White Sox

Saad could suit up for Blackhawks Thursday

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Saad could suit up for Blackhawks Thursday

Brandon Saad was feeling the same emotions on Wednesday as he did when he was in the Blackhawks locker room back in September. Its a thrill for him to be here, exciting to get a chance to wear that jersey again.

And on Thursday, he just might get that chance.

Saad, who is just the second of six black aces called up to Chicago, could play when the Blackhawks host Phoenix in Game 4 of their first-round series, coach Joel Quenneville said today. The 19-year-old Saad, who was the Blackhawks second-round selection in the 2011 NHL Entry Draft, could fill the spot left by Marian Hossa, who is out after the hit he took from Raffi Torres in Game 3.

"Hes got some skill. And just looking at him physically today, theres a remarkable difference from camp and the stint he had at the start of the season. Hes filled out, bigger," coach Joel Quenneville said. "He had a pretty remarkable year and a great playoffs.

"We gave him a great opportunity to start this season," Quenneville continued. "He gives us some nice assets. The puck seems to follow him around.

Saad impressed the Blackhawks in training camp and made the season-opening roster. But after two games, he was sent back to the Ontario Hockey League and finished the season with the Saginaw Spirit. It was a good one: Saad scored a career-best 34 goals and had 76 points on the season. He also had a team-high rating of plus-35.

The Spirit were eliminated from the OHL playoffs on Saturday, opening the door for Saads return on the Blackhawks expanded roster.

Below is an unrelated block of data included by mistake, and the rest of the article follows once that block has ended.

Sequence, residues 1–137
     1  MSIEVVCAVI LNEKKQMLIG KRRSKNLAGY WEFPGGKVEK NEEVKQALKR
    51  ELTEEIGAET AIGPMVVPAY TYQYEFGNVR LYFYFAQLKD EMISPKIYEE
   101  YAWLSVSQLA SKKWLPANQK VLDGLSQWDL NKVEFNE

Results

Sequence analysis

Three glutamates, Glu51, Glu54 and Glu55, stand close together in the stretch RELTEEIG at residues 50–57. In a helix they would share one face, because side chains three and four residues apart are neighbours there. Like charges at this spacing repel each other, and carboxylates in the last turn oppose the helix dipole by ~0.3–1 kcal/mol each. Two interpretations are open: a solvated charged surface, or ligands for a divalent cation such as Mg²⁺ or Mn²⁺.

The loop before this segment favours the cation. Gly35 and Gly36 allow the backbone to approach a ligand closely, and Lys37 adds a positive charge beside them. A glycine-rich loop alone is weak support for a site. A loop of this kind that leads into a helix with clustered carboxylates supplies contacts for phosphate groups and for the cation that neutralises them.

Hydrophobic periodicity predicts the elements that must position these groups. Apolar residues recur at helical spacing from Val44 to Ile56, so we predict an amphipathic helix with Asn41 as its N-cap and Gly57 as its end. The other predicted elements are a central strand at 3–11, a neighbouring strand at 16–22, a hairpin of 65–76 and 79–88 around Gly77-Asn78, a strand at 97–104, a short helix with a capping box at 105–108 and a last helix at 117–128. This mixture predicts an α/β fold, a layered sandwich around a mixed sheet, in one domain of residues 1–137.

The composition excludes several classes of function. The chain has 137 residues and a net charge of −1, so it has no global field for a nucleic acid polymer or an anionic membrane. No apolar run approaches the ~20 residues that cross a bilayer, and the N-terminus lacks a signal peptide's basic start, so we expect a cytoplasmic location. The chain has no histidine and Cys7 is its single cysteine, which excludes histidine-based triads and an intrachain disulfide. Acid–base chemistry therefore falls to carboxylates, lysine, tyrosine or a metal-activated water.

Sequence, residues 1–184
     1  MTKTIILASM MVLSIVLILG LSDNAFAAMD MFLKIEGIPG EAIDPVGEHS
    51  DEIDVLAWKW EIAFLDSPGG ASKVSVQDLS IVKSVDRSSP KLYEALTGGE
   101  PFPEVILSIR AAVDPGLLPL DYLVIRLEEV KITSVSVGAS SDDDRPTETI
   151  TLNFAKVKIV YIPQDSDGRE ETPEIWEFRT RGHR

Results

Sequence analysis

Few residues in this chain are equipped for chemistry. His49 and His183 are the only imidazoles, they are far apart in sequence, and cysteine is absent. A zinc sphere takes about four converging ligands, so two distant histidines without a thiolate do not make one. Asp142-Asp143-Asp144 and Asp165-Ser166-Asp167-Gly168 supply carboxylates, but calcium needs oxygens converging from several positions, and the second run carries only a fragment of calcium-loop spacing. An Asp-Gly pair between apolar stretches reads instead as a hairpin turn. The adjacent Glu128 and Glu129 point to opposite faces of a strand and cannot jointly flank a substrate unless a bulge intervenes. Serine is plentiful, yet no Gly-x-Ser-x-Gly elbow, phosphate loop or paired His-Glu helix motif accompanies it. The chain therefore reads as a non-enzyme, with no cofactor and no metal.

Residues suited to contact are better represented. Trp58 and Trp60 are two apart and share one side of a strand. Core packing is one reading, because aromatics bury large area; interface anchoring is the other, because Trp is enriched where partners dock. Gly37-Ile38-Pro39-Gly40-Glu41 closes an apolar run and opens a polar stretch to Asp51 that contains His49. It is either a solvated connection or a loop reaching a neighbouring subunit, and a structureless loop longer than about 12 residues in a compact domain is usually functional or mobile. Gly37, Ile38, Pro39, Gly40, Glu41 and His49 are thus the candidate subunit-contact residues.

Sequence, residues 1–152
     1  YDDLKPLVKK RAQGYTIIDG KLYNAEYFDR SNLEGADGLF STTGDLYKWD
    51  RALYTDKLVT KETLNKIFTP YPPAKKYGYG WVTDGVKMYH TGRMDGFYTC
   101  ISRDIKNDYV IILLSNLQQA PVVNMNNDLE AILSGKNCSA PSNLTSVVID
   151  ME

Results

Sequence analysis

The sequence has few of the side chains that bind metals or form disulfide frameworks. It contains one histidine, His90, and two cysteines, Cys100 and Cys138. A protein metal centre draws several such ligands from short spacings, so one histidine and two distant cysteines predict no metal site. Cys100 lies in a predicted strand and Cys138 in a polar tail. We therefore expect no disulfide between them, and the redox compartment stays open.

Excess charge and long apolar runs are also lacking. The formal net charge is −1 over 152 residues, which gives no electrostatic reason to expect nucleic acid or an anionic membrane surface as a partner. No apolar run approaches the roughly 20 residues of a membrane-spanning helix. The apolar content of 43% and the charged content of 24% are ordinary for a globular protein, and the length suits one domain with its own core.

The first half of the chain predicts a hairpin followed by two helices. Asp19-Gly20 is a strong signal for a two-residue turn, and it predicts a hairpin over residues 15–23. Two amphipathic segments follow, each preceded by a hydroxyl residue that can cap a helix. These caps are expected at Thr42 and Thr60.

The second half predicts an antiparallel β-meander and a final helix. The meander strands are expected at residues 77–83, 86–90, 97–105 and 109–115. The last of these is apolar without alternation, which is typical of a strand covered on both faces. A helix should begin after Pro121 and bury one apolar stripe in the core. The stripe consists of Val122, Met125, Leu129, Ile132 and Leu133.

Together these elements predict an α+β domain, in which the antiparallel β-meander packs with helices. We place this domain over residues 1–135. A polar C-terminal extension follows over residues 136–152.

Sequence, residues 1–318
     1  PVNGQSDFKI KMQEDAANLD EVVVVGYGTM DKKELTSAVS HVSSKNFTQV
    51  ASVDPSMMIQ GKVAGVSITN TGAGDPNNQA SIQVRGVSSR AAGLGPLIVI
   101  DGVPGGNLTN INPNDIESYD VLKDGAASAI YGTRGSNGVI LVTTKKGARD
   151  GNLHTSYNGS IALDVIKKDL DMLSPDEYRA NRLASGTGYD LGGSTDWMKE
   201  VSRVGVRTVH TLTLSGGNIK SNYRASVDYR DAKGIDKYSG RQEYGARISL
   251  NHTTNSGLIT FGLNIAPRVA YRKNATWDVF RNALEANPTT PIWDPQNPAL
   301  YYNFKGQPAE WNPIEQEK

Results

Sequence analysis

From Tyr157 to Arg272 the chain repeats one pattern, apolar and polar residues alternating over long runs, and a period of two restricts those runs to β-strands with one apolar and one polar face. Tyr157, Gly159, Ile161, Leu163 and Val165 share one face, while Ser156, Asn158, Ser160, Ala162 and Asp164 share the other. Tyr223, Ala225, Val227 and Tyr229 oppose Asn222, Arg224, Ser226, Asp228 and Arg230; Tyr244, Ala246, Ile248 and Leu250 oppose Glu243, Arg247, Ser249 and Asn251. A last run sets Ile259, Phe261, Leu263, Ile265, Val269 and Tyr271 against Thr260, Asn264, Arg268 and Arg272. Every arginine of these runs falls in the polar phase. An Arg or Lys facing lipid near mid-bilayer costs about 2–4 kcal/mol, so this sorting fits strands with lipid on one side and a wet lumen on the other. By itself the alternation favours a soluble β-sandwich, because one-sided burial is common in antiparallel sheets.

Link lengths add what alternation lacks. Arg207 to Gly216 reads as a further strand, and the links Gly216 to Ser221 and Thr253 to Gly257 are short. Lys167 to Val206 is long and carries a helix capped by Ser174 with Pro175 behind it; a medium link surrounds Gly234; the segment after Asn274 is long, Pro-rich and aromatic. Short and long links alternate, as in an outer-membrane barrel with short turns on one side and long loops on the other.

They called me (Tuesday) night and told me to come up this morning. Im excited to be here, said Saad, who would love to be part of the Blackhawks postseason.

Everyone knows playoff hockey just picks it up a little bit. The NHL is a little bit faster. I hope (I can play).

Saad may just get his chance tomorrow night.

This is what I dream of. I want to make the NHL and play, he said. I got a taste of it at the start of the season and playoff hockey would be awesome to be a part of.

White Sox prospect Nick Madrigal leads the minors in strikeout rate, but it’s not translating to hits

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USA TODAY

White Sox prospect Nick Madrigal leads the minors in strikeout rate, but it’s not translating to hits

When the White Sox drafted Nick Madrigal with the fourth overall pick in last June’s draft he was known as an elite contact hitter who could play good defense on the infield.

In nearly a year in the minors, that has mostly held true, but not exactly according to plan. Madrigal raced through three levels of the minors in 2018 and hit .303 in 43 games between those three stops. He only had five strikeouts.

This season has not gone as smoothly. Madrigal is hitting .261 for Single-A Winston-Salem, but he still isn’t striking out much at all. In fact, according to a write-up on Milb.com, Madrigal leads of all minor league baseball with a 3.3 percent strikeout rate.

“Madrigal has plus speed, and that should lead to more hits as his sample increases, but he'll have to hit a lot more to provide value from his specific profile,” Sam Dykstra wrote.